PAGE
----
Golden Era

For him, his unending mentorship came from prolific writers and poets including Rahman Rahi, Amin Kamiletc, who brought an artist and writer in him onto the stage.

He is a seasoned novelist, a prolific playwright, a serious stage director, a brilliant broadcaster and a painter. Recalling his initial days at various literary forums, Kaul says that he started writing during his college days. “We used to have a literary club known as Bazm-i-Adab which was a breeding place for eminent writers. “I started with Urdu short stories. I started writing in the Kashmiri language in 1947 and later I joined my many contemporaries including Ali Muhammad Lone, Sofi Ghulam Muhammad, Kanwal Nain Parvaz, and Mahmoud Hashmi.”

On his stint at Radio Kashmir (now All India Radio), he says that there were many other writers including Ali Mohammad Lone, QaiserQalander, Bashir Bhat etc with whom he would take his literary journey ahead.

“See, my decades-long association with Radio Kashmir not only gave me recognition but it also exposed me to a lot of challenges and opportunities,” Kaul recalled. “After joining the radio, I started writing in English. I would go on experimenting with the mediums of the language. But here for a definite reason as I had to deal with technicians who were non-native to Urdu or Kashmiri. I would write the screenplays for them in English so as to make them understand the entire scenario.”

“Later I preferred to write in my own mother tongue for the reason that it belongs to my roots and I was able to express and show more. Simultaneously I started translating my own Kashmiri novel Sheen TeWate Pod into English. My Kashmiri novel, Gul GulshanGulfam, shot me into instant fame. It was after this novel, I started getting national and international attention. During this period, I did a lot of work on the literary front as well as on bringing theatre back to its pristine glory. Later, I translated it into English and a dear friend and noted academic, Prof. ShafiShauq was with me in this translation project. As a writer I wrote what I felt and observed around me, may it be culture, heritage, traditions and above all life in general coupled with history.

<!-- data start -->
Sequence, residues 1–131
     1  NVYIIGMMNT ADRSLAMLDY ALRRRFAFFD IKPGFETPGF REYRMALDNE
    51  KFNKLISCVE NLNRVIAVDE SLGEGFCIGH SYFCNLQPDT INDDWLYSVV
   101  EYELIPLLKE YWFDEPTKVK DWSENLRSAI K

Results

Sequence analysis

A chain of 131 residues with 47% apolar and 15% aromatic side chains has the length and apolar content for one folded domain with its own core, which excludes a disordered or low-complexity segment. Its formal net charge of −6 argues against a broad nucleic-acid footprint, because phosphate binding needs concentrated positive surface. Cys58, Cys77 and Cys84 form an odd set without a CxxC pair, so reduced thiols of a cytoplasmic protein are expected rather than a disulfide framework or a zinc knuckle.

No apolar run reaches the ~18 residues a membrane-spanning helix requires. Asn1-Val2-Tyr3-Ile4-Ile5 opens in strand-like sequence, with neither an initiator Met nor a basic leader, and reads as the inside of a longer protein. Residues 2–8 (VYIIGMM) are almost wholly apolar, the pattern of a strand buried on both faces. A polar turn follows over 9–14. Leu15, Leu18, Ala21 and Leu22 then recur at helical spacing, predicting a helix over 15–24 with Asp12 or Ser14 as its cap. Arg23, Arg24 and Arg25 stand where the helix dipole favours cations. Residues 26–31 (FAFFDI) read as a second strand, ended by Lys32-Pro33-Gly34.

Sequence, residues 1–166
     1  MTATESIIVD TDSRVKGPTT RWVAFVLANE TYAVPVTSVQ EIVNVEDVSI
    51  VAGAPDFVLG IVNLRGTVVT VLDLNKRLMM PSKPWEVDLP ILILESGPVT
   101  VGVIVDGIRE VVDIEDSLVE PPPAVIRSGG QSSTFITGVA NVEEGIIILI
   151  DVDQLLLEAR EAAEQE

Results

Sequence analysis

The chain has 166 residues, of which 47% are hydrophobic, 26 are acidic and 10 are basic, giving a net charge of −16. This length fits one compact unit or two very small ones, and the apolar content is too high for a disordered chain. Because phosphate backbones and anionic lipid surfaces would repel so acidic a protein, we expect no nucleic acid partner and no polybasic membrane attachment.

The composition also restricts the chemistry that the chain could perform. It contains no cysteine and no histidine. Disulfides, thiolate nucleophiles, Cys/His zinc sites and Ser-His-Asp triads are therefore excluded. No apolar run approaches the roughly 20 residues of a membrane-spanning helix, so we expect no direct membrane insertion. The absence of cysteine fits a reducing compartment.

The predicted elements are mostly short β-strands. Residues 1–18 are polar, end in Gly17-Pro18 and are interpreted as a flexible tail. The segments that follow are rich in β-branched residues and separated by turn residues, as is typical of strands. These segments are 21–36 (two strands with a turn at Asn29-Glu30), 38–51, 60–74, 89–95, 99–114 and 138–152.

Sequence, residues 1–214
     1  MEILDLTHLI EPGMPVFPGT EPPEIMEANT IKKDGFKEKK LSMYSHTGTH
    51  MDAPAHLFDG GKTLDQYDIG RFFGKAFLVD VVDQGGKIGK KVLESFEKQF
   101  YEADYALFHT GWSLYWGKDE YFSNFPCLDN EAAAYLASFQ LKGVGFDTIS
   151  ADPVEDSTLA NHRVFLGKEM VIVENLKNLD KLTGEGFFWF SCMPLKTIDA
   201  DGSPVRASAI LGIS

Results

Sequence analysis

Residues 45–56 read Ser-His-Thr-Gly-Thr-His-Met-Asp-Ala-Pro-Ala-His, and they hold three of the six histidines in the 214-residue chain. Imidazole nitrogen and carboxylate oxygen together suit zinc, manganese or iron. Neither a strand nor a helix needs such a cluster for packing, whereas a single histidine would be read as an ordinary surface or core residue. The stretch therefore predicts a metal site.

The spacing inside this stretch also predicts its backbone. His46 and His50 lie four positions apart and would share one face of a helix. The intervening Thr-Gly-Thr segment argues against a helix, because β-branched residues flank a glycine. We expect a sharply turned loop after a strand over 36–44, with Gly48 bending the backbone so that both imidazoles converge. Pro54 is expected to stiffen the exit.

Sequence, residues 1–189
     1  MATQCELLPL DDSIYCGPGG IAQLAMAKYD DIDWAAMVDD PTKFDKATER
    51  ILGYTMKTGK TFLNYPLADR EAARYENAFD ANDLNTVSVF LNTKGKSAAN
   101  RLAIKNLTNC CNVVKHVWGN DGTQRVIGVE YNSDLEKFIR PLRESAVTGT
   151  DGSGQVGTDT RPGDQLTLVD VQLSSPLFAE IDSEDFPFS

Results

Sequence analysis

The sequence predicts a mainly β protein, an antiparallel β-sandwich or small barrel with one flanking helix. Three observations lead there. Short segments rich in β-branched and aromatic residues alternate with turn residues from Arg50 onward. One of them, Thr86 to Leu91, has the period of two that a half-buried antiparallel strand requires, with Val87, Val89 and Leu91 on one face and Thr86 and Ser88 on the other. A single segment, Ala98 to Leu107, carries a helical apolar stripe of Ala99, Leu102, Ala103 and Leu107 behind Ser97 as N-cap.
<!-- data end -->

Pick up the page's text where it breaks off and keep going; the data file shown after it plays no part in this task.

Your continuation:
Sound Is A Beautiful Medium

Kaul says that one needs to be creative in creating the pieces. “Consistency and perseverance are very important for any creative individual. As I always say that once you are an expert in creating the perfect sound, you can surpass Aladdin’s genie. Sound is a beautiful medium. it has not only served saints and sages but a broadcaster as well.”

Recalling the 1965 war, when air raids were frequent, Kaul says that announcements were made to stay indoors as sound would smash the doors and windows.  “The power of sound fascinated me and I realised that one can almost create an alternative world for radio dramas. In Radio Kashmir we could generate many sound effects that in reciprocity aided our dramas to a level hitherto unexplored.” “There are lots of challenges when it comes to working behind the cameras and on the radio, you are at free will to create every minute and intricate detail within the four walls of your recording studios using microphones and, in our case, it helped us in giving a new lease of life to the dramas that were critically acclaimed.”

“I must say, broadcasting has been my soul. I joined Radio in 1948 and after that, I have learned a lot in my 30-year broadcasting career. I channelised my experience into experiments and innovations that create a special niche for Radio Kashmir among its competitors at the All-India Level. I was able to add to the bench strength of the special category of broadcasters of the country, and Radio Kashmir was considered one of the prominent stations in the country for the reason of upholding top-class broadcasting.”

Kaul says that radio has been a great source of satisfaction for his creative life. “Radio gave a lot. It was life support to me. I have lived with it. I have grown with it. Sound has also taught me a lot of lessons for life. It is only because of sound that you can transfer your imagination into auditory imagery, one can perform miracles with sound variations. We can do any possible variation by using sound modules. We can actually travel to far-off places with the help of sound when we are actually working in a studio. That too was a life-changing experience for me.”

 They called me Blue-eyed Boy of Shiekh

Recalling the political upheaval and his close association with the former Prime Minister of Jammu and Kashmir, Shiekh Muhammad Abdullah, Kaul says, he used to closely monitor PM’s speeches and would always aim to add colour to them.

“My colleagues would call me a blue-eyed boy of Shiekh Muhammad Abdullah. I would make sure that his speeches are spread well and also I would personally listen to them carefully and add colour to them.” “Later my association with Shiekh sahib’s family continued. With Farooq sahab and his son Omar as well.”

Writers Must Mushroom